Jack Reacher is about to become big business. He’s already one of the most popular action heroes in literature, and rightly so, but soon we will get to see the 6 foot 7, battle scarred brick shithouse of an ex Military Policeman played on screen by none other than… Tom Cruise. No, I don’t know either… perhaps he’ll stand on a box all the way through, so good luck with that, fella.
Anyway, regardless of insane Hollywood casting, it’s good to know that the real Reacher, the one in your head, is going strong in this, his 17th outing. For those not in the know, Jack Reacher is one of the good guys. An intriguing man with the brawn and macho appeal of John Wayne mixed with the intellect and general smarts of Sherlock Holmes, Reacher left the army, his home for so many years, and decided to see America. He does that by basically being a drifter, carrying only a toothbrush and a cash card as he wanders from place to place and getting into trouble. He doesn’t start the trouble, mind, but you can be sure he will finish it. A man with a deep sense of justice regardless of the law, he lives by the maxim “I don’t want to put the world to rights, I just don’t like people to put it to wrongs.”
So in this latest book, it’s no surprise that shit happens, and as usual Reacher is right in the middle of it. He hitches a ride from two men and a woman, and soon enough it’s very clear that these people are not what they pretend to be, and it’s just possible that Reacher may have made himself the focus of a manhunt just by being seen with them. Oops! The man just can’t stay away from this sort of thing, and even when he has the chance to walk away, he just has to stick around and make things right, which often involves punching or shooting bad guys and being generally a big old Mr Grumpypants.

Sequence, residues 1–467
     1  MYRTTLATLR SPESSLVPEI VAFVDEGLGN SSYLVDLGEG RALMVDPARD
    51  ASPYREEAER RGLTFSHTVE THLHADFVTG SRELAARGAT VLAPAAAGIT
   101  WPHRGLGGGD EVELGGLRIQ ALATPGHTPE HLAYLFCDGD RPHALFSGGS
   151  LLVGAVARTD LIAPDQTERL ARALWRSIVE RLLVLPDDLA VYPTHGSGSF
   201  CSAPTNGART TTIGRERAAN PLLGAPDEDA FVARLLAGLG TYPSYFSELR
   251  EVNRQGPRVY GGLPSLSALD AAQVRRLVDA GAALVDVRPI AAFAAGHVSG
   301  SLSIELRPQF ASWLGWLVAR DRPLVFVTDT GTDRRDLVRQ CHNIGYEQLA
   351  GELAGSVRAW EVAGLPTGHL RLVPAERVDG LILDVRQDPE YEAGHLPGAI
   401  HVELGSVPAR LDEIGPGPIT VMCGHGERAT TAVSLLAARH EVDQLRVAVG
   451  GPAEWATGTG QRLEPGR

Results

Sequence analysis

“A Wanted Man” will not disappoint Lee Child fans. The central mystery is intriguing and well structured, never straightforward and very hard to second guess (I got close a few times but never hit it on the head). As usual, it shoots along, throwing in plenty of detailed description and odd trivia, with Child’s research and experience with the character making you believe that Reacher is really writing this with Child his nom de plume. As ever, the worst thing about it is that it’s too easy to read, and very soon you’ve raced through the 400+ pages and have to start the long wait for another one. Simply put, in the Jack Reacher books Lee Child has created one of the best literary heroes in popular modern fiction, and everyone should try his books at least once.